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Copyright issues and photo usage

Cherokee Park © 2006 Alice A. Thompson - All Rights Reserved

When will people learn that just because you find a photo on the internet, doesn't mean it's yours to use as you'd like? On my main website, I've taken steps to (hopefully) make it difficult for someone to steal my photos - I've watermarked my images. I've disabled right-clicking images on my website (and included a popup box saying the image is copyrighted and to contact me for usage rights). I've included a copyright notice at the bottom of every page on my site. Does any of that help prevent theft? Apparently not.

While doing a Google image search recently on some of my photos, I discovered a blogger who was using one of my images (with no photo credit given, of course). I recognized the photo immediately. Despite my frustration, I preferred to give the benefit of the doubt and assume the blogger wasn't aware the photo is copyrighted. I decided to email the blogger a politely-worded Cease and Desist letter explaining that I found my copyrighted image on her blog, provided screenshots of my image on my website, and included an explanation of the steps I've taken on my website to protect from theft. I stated that if she wanted to continue using my image, here is my reasonable double-digit licensing fee for one-time use. Otherwise, if she chose not to pay that price, I asked that the image be removed from her blog. I asked that she respond by a particular date to avoid next steps being taken.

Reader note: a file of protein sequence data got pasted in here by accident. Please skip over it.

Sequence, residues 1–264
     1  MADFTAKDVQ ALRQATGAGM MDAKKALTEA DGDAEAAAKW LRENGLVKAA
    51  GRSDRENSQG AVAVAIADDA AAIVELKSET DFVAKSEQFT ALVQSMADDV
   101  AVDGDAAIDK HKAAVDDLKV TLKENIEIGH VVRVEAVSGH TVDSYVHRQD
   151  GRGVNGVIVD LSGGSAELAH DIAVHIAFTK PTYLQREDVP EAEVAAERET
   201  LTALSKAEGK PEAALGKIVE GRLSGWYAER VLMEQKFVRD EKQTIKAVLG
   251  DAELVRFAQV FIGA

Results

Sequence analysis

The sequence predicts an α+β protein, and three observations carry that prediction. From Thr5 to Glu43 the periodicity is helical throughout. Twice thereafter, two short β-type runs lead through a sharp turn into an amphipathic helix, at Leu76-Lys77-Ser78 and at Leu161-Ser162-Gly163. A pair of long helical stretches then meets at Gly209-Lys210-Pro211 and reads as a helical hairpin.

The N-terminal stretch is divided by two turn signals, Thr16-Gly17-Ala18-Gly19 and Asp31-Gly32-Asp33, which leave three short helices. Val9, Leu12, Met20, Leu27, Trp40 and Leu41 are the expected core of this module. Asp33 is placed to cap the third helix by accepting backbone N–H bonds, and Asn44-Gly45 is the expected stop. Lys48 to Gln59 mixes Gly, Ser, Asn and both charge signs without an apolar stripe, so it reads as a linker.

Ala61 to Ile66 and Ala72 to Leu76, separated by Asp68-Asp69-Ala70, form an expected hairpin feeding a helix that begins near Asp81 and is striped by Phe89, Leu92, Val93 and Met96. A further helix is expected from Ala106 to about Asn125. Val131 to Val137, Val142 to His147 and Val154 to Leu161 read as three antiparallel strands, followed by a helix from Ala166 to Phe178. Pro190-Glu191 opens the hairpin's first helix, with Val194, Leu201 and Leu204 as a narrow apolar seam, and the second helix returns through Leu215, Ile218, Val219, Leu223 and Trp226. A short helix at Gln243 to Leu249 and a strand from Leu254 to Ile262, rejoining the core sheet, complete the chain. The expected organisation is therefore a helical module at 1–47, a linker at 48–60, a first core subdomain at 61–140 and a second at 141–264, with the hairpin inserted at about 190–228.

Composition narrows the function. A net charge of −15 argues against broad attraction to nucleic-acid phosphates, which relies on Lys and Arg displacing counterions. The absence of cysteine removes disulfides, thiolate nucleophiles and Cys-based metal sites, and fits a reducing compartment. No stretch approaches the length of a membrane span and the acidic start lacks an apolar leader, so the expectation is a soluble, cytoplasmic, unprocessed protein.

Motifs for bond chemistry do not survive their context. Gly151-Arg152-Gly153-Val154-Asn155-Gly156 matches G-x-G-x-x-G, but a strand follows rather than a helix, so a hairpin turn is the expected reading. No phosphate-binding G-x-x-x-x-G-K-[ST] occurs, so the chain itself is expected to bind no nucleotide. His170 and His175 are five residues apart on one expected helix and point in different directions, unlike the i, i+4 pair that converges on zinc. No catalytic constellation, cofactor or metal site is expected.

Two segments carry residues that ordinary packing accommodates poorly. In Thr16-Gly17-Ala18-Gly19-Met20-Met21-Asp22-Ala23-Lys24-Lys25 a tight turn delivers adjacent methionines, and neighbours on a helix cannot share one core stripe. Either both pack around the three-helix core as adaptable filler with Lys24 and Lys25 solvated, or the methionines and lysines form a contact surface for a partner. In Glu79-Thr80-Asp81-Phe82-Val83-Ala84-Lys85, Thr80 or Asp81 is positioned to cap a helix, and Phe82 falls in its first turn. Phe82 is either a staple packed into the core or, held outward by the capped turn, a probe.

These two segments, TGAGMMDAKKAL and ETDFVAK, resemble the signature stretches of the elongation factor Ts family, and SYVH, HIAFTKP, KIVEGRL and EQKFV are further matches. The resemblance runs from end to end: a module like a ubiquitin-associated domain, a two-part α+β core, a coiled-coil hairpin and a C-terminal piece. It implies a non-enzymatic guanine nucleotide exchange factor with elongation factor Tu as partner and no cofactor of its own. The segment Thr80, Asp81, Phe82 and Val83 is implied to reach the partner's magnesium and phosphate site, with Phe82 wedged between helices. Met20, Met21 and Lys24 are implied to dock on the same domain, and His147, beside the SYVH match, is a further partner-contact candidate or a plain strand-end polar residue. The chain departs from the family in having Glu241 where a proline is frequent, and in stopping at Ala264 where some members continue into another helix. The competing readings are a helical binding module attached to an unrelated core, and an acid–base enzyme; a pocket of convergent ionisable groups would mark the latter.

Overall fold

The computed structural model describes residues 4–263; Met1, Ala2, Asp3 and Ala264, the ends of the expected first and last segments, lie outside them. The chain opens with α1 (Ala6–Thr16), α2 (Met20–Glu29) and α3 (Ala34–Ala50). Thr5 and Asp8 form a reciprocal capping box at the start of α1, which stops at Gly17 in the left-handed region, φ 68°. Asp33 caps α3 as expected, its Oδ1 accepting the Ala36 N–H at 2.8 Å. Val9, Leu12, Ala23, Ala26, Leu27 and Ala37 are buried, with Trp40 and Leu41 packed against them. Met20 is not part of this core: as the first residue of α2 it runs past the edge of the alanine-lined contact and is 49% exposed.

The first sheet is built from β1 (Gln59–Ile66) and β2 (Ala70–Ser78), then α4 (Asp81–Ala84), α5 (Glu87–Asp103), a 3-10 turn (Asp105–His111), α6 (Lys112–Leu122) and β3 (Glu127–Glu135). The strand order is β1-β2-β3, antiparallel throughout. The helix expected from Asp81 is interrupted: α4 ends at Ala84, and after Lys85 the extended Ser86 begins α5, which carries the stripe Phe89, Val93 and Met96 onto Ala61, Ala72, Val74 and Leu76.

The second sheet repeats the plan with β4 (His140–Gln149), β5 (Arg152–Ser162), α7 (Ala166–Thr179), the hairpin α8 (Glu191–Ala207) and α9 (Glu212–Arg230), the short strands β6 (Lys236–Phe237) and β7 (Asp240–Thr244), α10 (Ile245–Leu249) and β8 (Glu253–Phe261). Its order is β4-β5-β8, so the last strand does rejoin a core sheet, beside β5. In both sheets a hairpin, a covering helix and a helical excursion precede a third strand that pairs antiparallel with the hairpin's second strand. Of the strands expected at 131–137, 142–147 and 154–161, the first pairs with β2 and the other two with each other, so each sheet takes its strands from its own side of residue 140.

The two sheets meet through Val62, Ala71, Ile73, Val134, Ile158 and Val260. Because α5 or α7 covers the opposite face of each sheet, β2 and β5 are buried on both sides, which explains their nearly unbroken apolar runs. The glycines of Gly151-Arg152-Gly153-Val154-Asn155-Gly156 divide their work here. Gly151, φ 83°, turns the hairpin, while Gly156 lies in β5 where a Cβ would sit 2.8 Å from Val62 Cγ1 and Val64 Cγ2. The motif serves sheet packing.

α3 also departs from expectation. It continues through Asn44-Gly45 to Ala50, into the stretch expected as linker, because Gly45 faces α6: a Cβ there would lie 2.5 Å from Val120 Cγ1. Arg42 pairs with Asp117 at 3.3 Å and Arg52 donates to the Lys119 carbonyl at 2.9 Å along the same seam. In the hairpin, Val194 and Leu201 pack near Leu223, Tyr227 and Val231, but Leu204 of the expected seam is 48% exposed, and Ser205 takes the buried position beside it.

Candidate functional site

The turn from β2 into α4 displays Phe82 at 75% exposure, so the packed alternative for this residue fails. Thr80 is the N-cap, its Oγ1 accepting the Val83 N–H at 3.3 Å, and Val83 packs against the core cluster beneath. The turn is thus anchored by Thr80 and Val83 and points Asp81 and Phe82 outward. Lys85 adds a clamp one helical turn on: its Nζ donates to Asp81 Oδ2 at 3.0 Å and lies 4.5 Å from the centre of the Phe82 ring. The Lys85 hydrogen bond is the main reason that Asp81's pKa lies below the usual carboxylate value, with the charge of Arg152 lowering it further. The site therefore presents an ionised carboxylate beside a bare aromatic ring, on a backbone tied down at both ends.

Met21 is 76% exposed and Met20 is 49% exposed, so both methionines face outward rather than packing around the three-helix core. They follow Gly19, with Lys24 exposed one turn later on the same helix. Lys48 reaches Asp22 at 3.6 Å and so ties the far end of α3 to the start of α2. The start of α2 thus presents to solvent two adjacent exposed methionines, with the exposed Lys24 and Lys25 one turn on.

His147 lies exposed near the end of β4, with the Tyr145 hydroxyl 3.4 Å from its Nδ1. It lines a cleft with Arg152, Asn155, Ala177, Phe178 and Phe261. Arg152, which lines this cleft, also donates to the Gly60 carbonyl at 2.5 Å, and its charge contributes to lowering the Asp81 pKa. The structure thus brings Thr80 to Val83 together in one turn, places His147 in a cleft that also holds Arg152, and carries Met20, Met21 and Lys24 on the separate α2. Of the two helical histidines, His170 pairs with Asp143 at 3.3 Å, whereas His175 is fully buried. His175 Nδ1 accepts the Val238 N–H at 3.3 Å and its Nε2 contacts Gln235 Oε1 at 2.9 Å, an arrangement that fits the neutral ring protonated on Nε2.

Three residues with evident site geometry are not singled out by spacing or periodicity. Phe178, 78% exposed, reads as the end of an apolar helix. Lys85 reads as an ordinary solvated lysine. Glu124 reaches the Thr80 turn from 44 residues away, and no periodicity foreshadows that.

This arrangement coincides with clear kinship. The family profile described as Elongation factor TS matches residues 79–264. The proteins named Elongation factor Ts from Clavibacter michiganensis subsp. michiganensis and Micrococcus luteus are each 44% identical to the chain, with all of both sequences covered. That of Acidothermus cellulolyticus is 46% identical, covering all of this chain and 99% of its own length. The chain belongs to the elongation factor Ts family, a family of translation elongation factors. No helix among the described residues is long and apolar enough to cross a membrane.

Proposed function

To my surprise, she emailed back soon after and my photo was removed from her site. I'm happy with the outcome and glad I approached the situation by contacting her directly. My other approach would have been to contact her ISP and file a copyright infringement complaint in the form of a takedown notice. (Good info on this process is available here and here.) Luckily it didn't come to that, but a couple fellow photographer friends I know have gone through this process when their requests to the copyright-infringer went ignored. In one case, the infringer's entire website was taken offline.

A few years ago, someone contacted me after finding one of my travel photos in a Google search. He explained that he and his fiance were from that city and they would like to use my photo on their wedding website and could we negotiate a fair price. I didn't feel it was necessary to charge them for the use of the photo since their website audience was mainly family and friends, so I gave my permission for one-time, one-website use at no charge. They went to the trouble to ask my permission and that meant a lot to me.

I certainly don't know all the details surrounding U.S. copyright law, but I do know that just because you find something on the web does not mean it's yours to take. For a fantastic in-depth article on photography and copyright law, visit Ken Kaminesky's blog. Oftentimes when I'm taking photos, I usually follow the "ask forgiveness rather than permission" mantra. Particularly when photographing inside public buildings or photographing people in a public setting. However, when it comes to whether or not it's ok to use someone else's content, permission really is better than forgiveness.

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